The Huntsville School District and the Northark Adult Education Program are offering parents a chance to learn alongside their children.
Starting this year, a family literacy program will be offered for parents of students ages pre-K through fifth-grade. The class will be held Monday-Thursday, 8 a.m. until noon, at the Huntsville Intermediate School.
“This is a pilot program from the state,” said Lori Hawkins, who will teach the class. “It’s the first ABE program, which is Adult Basic Education.”
The program is free for eligible parents, and will offer free childcare for children not yet school-aged. Each class will last nine weeks.
“[Huntsville Intermediate Principal Kenena Pelfrey] is using some of her Title I money for childcare for parents who sign up, which is a very cool thing,” Hawkins said. “That doesn’t get offered very often.”
Hawkins said classes haven’t been determined yet, but they’ll mostly center on reading and writing. Other times, the class may offer life skills, such as how to build a resume or how to open a checking account.
“Reading and writing is what I think the majority of our time is going to be spent on,” she said. “We’re also going to have a lot of guest speakers from the county. Just depending on what people need, we’ll have them in – if they wanted to learn how to open a checking account, we’ll have someone come in and talk about that.
“Whatever they’re needing, we’re going to find someone to come in and talk to them about that.”
While NorthArk currently offers GED prep courses already, officials said the program at the school will differ in that it will also teach life skills and allow students to learn alongside their children. At times, parents will be encouraged to sit in their child’s classroom and experience the same lessons.
“They will have the opportunity to participate in their child’s learning as far as observing what’s going on in the classroom, and opening up that dialogue with the child and the teacher and the parent,” said Madison County Adult Education director Julie Garrett. “It’s been observed that students who struggle in school sometimes have parents who may have struggled, or parents who aren’t sure how to help their child. So this is not only helping the parent increase his or her skills, but it will help in essence the child, because when a parent is more involved in the child’s learning, it’s known that the child does better.”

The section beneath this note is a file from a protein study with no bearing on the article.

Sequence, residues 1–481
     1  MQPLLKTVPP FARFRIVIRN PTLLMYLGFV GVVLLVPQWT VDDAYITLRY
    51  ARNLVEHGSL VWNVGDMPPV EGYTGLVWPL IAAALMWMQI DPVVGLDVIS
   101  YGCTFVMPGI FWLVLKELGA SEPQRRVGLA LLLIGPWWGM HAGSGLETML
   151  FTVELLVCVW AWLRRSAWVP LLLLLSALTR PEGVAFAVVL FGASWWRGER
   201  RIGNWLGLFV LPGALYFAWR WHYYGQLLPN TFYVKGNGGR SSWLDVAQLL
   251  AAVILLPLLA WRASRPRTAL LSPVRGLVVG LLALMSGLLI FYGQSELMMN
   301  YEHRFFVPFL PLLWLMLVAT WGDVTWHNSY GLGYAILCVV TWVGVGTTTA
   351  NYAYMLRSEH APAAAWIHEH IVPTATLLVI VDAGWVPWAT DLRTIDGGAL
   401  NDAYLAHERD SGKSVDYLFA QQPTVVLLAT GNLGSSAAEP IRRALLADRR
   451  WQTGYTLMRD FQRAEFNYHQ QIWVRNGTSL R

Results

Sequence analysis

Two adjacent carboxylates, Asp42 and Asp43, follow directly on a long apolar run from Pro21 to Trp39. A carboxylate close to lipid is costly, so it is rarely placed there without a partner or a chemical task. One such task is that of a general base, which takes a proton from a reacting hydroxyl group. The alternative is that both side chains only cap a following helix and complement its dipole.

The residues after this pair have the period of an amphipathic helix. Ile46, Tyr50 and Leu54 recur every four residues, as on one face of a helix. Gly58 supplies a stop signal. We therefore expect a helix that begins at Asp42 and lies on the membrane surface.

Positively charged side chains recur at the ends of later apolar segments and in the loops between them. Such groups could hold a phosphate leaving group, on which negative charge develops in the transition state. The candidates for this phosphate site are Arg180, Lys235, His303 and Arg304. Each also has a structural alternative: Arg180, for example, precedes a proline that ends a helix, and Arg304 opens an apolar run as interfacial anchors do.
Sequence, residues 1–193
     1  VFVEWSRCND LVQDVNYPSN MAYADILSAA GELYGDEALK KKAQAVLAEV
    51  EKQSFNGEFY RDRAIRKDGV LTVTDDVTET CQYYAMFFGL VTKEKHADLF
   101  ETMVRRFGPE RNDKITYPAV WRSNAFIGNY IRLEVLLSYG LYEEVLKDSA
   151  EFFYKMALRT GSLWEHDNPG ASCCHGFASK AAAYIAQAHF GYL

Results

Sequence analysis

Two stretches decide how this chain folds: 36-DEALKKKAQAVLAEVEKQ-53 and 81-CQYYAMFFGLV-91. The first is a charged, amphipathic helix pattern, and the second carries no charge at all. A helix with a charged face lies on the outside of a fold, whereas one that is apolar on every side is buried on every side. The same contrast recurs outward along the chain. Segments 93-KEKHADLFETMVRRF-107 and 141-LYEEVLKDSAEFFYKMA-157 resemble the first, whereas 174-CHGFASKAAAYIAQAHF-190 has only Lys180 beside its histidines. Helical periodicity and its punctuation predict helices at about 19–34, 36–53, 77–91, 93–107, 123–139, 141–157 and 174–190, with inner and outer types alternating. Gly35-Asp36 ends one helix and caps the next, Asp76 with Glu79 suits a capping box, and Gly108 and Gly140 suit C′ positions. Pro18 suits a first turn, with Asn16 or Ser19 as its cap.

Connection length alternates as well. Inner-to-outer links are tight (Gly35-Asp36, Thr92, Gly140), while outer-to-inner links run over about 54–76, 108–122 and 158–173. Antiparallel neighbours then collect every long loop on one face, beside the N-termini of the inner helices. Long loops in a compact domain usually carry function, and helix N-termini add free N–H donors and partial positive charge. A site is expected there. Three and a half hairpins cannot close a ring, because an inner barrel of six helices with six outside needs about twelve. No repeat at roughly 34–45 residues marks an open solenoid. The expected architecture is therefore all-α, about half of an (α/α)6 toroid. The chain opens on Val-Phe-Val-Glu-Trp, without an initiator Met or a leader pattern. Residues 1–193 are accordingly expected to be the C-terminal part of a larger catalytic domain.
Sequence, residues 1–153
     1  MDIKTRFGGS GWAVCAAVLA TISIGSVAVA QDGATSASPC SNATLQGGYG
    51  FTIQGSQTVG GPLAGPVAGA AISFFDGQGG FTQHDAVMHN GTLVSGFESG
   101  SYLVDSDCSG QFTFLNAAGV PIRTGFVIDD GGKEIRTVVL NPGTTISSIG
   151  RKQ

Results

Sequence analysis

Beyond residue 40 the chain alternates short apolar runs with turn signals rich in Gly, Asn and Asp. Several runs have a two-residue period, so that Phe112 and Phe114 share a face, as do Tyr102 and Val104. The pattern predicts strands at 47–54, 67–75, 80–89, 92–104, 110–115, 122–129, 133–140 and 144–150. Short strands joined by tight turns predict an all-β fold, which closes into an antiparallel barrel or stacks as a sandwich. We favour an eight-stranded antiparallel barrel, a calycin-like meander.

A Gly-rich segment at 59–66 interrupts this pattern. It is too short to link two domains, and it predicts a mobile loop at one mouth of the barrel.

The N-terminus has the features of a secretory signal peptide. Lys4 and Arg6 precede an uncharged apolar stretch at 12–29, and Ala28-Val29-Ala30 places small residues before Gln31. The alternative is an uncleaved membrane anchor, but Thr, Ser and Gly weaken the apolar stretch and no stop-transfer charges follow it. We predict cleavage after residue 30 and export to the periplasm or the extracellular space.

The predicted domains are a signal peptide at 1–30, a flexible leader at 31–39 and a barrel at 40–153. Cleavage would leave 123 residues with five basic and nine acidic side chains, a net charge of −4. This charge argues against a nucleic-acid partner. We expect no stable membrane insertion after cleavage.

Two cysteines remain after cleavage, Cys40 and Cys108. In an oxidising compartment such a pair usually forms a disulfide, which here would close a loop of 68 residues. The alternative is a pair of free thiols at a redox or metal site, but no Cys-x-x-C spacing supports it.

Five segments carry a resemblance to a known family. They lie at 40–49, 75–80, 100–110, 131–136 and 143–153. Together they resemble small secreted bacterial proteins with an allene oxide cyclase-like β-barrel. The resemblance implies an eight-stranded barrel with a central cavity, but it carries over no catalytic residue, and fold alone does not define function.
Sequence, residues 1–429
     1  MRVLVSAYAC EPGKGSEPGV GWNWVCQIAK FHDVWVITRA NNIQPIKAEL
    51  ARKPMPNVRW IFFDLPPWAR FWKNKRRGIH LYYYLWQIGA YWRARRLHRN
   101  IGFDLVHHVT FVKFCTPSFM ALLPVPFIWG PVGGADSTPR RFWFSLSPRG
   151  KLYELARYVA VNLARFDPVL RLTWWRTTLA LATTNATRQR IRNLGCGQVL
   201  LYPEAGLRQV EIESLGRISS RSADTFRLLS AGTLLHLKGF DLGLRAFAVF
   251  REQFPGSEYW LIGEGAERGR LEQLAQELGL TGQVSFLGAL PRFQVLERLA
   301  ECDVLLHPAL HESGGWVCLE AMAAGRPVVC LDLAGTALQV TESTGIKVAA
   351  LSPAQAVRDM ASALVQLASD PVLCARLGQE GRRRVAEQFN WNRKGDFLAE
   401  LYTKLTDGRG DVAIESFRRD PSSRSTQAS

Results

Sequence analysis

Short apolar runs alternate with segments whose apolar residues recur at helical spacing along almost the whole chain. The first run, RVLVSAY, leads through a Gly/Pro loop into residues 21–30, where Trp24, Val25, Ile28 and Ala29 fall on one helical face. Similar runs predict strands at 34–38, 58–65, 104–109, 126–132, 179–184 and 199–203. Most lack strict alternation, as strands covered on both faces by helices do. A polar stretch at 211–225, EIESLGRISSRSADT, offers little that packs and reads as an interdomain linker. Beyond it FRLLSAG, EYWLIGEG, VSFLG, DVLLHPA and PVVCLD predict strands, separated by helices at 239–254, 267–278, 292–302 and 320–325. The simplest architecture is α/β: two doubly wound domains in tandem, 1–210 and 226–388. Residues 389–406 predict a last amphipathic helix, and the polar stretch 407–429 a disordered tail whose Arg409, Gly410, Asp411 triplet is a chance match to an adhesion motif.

That, too, could have benefits for the children, Hawkins said.
“I think it’s going to be really inspiring for kids to see their parents be interested in their education,” Hawkins said. “I think we’re going to see growth in the children ... if their parents are taking an interest, they’re going to be more excited and want to do better. That’s my favorite part.”
Hawkins stressed that the program may be utilized by parents who didn’t graduate high school, or parents who simply want to learn what their children are learning. Additionally, the program could be used as a stepping stone for further education.
“Huntsville has a high poverty level, and I’m just hoping that through the program, we can help parents be able to further themselves,” Hawkins said. “If they want to go to college, this can be a stepping stone for college, or if they’re wanting to get their CNA license, this could be a stepping stone for that.”
Participants are required to do GED testing upon entry, which Hawkins said is for data collection to show growth at the end of the program. She added that participants may not be required to attend every day.
“They said what we would do is kind of break it up, where they may come in Monday and Wednesday, or Tuesday and Thursday, especially depending on who signs up,” Hawkins said. “If they’re needing English classes, then we’ll do English classes based on whatever they decide to do.
“We’re going to start testing next Monday, and then we’ll start classes the following Monday.”
For more information, contact Pelfrey at 479-738-6228 or Garrett at 870-391-3365.